British minister Michael Gove said on Sunday he would like to see tax cuts before an election expected next year, putting pressure on his boss, Prime Minister Rishi Sunak, who responded by saying the best such cut was to reduce inflation.
At the start of the governing Conservatives' annual conference, Sunak is hoping to revitalise his year-old premiership by showing he is not scared of taking tough decisions to try to make people better off.
With his Conservatives trailing the opposition Labour Party in opinion polls despite closing the gap slightly, Sunak is under pressure to offer a new agenda not only to his party, but to a country struggling with a cost-of-living crisis.
Still, he had little to say in answer to Gove, in charge of the government's levelling up agenda, who said he would like to see tax cuts, echoing calls by senior Conservatives that reducing the burden was the only way to win the next national election.
"The discussion about where the tax burden should fall I think is one that we need to take, not now, but in a little bit (of) time," Gove told Sky News. "I would like to see the tax burden reduced before the next election," he said, adding that workers should be the focus of any such reductions.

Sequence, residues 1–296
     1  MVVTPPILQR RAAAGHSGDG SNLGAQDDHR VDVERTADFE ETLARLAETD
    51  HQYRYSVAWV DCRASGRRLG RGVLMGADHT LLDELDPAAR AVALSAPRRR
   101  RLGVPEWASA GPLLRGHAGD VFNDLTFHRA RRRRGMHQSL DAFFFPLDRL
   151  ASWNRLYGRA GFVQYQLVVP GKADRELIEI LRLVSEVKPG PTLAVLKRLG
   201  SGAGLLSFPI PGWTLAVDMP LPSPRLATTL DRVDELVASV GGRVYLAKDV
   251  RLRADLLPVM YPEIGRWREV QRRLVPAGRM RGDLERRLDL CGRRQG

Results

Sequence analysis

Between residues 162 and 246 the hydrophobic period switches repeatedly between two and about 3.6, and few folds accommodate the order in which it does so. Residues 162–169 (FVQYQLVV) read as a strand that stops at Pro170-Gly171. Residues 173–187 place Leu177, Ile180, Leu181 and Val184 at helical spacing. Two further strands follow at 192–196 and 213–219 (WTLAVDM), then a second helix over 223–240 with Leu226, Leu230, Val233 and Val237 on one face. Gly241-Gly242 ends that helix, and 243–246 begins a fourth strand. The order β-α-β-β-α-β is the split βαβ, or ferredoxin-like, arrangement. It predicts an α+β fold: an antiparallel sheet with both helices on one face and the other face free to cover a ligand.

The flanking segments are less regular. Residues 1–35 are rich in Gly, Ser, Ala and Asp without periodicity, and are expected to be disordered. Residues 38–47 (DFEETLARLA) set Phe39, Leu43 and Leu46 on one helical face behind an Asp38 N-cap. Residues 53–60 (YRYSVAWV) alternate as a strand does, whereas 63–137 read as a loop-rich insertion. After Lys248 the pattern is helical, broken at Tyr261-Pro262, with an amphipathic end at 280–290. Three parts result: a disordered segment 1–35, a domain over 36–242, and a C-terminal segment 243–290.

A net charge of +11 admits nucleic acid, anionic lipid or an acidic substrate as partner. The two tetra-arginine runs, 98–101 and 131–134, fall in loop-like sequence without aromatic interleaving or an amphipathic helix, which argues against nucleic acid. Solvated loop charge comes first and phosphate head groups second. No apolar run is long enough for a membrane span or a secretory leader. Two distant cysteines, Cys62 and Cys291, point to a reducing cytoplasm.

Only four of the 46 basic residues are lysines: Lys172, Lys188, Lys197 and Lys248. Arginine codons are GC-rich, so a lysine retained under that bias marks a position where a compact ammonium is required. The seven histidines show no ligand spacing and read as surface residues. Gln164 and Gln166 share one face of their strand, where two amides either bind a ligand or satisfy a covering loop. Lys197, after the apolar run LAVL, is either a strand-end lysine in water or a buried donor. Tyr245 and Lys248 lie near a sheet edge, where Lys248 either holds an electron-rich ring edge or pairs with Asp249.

Speaking to the BBC just minutes later, Sunak repeated his stance that "the best tax cut that we can give working people is to halve inflation".
"I am a Conservative, I want to cut taxes. You asked me about making changes, change may be difficult, but I believe the country wants change and I am going to do things differently to bring about that change."
He also avoided giving a clear yes-no answer on whether the country's HS2 high-speed railway would go ahead in full but championed his decision to reduce the burden on car and home owners by watering down some previous climate policies.
"Change may be uncomfortable for people. People may be critical of it, but I believe I am doing the right thing for the country. I am not going to shy away from that," he said.
"If I believe the right thing to do was chart a new course on net zero that will save ordinary families 5,10,15, 20,000 pounds I will do that."
On Saturday, an opinion poll by Opinium suggested Labour's lead had shrunk to its narrowest margin since Sunak was made prime minister a year ago but the opposition party's lead remained in double digits.
Sunak's party is still agitating for more tax cuts after the Institute for Fiscal Studies, a non-partisan think tank, said on Friday tax revenue was likely to represent 37% of annual economic output at the time of the next election - Britain's highest tax rate since at least the 1950s.
Liz Truss, Sunak's predecessor, and other senior Conservative lawmakers signed a letter on Saturday saying they would not support "any new taxes that increase the overall tax burden".
(Reporting by Elizabeth Piper, Alistair Smout and Andrew MacAskill; Editing by Kirsten Donovan)